She asked how many people might see additional days in jail if the county didn’t have the probation staffing being sought. Together, they calculated the costs.
She pressed the board to give Cotter a second chance, and they approved the spending after seeing that the county would save about $400,000 a year in jail costs by spending $50,000 a year.
Her record also shows a willingness to operate outside of normal channels to apply public pressure to colleagues.
A Republican-leaning City Council had jettisoned many of the council Democrats’ ideas for how to make sure more material is recycled and less is thrown away in a new recycling ordinance.
Instead of acquiescing, Raybould worked with people interested in recycling to pursue a more aggressive recycling ordinance on the ballot.
That didn’t sit well with some Republicans on the council, including Roy Christensen, who said it showed disrespect for the process each of them had been elected to carry out.
But Trent Fellers worked out a compromise between Raybould’s faction and the Republicans that included a ban on taking cardboard to the dump.
Pressing fellow legislators by motivating the public is what observers describe as the outside game, said University of Nebraska at Omaha political science professor Randall Adkins.
Turning to the public can be effective in certain circumstances, he said, but doing so too often can also make building coalitions to pass legislation more difficult.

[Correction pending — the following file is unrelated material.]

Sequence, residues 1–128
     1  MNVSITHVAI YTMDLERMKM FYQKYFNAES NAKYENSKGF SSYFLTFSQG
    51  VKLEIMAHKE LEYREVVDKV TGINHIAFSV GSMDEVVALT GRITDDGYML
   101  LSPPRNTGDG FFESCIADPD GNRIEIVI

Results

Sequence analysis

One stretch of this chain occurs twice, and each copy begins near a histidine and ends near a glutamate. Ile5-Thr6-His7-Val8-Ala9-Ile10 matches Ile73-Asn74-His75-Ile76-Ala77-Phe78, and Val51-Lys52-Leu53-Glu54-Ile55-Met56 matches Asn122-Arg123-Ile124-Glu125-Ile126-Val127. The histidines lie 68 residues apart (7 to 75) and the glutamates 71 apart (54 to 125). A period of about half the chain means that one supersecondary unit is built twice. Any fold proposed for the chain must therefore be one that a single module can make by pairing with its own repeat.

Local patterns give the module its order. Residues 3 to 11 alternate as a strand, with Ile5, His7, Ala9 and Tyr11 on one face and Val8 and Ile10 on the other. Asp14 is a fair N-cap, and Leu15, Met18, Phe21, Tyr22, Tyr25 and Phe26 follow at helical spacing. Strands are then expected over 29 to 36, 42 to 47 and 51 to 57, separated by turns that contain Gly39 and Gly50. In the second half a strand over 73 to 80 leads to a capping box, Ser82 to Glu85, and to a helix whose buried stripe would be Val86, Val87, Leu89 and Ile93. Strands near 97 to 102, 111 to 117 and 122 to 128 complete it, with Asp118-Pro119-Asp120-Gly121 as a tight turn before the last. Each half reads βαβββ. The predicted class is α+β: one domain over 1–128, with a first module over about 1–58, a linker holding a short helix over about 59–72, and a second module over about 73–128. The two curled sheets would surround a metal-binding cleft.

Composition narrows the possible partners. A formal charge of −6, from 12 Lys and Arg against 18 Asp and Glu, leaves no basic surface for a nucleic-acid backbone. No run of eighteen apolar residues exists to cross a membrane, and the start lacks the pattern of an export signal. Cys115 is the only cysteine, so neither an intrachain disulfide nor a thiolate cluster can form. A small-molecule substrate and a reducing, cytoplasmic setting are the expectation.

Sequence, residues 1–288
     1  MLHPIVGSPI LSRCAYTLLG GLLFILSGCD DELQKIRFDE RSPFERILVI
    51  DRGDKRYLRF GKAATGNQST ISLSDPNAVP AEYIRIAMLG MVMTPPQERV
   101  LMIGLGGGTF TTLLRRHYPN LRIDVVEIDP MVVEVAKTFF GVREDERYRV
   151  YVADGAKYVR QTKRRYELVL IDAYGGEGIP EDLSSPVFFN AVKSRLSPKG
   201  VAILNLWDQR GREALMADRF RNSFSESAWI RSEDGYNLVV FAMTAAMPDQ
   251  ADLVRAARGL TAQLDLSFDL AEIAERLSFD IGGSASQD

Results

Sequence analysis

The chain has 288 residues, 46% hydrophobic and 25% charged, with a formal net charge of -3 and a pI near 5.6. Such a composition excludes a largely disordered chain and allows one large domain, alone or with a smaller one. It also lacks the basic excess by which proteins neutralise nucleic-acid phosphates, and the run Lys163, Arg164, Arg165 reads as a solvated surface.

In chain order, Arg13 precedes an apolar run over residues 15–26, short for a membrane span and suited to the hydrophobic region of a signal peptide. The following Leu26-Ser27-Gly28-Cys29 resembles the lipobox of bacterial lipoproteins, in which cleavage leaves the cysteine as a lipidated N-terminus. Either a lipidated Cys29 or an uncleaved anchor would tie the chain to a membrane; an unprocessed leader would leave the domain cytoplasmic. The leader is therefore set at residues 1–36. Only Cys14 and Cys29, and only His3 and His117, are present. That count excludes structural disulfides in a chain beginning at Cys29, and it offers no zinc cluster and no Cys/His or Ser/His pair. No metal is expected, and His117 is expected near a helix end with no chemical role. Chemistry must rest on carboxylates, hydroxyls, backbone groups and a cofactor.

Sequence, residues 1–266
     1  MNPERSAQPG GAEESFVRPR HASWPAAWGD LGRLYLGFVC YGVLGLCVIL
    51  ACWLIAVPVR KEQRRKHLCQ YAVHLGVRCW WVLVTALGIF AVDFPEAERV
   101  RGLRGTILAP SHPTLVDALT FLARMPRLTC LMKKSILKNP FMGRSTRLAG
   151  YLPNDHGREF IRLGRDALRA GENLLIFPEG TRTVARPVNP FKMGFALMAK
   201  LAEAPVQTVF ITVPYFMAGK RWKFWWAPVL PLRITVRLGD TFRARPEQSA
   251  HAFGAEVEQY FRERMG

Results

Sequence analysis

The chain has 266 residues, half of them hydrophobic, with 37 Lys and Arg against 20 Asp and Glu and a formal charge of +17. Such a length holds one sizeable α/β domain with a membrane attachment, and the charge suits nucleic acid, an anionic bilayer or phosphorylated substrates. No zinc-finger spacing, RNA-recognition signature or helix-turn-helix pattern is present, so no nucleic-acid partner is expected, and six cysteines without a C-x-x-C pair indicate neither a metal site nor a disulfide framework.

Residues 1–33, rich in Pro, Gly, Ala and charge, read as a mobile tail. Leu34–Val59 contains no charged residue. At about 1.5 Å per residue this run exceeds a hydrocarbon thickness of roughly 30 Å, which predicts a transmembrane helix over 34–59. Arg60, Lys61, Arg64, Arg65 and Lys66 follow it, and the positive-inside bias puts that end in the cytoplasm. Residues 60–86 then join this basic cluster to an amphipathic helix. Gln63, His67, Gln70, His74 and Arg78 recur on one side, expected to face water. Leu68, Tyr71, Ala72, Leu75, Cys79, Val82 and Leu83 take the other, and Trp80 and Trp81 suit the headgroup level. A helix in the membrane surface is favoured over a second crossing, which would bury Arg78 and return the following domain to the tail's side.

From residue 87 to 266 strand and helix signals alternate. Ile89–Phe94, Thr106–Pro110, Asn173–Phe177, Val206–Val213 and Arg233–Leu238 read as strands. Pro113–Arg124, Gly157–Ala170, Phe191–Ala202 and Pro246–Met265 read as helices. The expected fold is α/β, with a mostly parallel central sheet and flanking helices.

Raybould mixed the inside and outside approaches when she learned the county was likely to close its mental health center to boost spending on local nonprofits’ mental health services.
She said she went outside the process, to Beutler and leaders at the health center, to make sure she knew what it would take to make the transition go smoothly.
And on the inside, she worked with County Board members to ensure they set realistic timelines — two years, not months — to make sure vulnerable people received the care they needed.
Board member Deb Schorr, the last from Raybould’s era still serving, said she, Raybould and others attended open houses where the county’s mental health clients shared their concerns. In the end, Raybould supported the closure.
Raybould critics, including Christensen, say she has pulled the City of Lincoln into too many national debates where it lacks the jurisdiction to change policy or outcomes.
He cites her failed push for a colleague’s resolution calling on the City of Lincoln to press Congress to address the fate of immigrants brought to the U.S. as children.
Her roughest run-ins have come with the unions that represent public employees. The fire unions in Lincoln and Omaha endorsed her opponent, Republican U.S. Sen. Deb Fischer.
Several other unions, including the state teachers union, endorsed Raybould, but those she has sparred with said she makes unions justify even cost-of-living pay increases.
She’s particularly hard on defined-benefit pensions, expecting union members to pay more for less, Ron Trouba, the Lincoln fire union’s president, said after the announcement of its endorsement.
Raybould said that her disagreements with some unions are based on a misunderstanding of why she asks the questions she does the ways she does: her business brain.
“I go easy on nobody,” she said. “I make people justify expenditures. Can you explain to me how this works, what you hope to achieve and how you hope to achieve it?”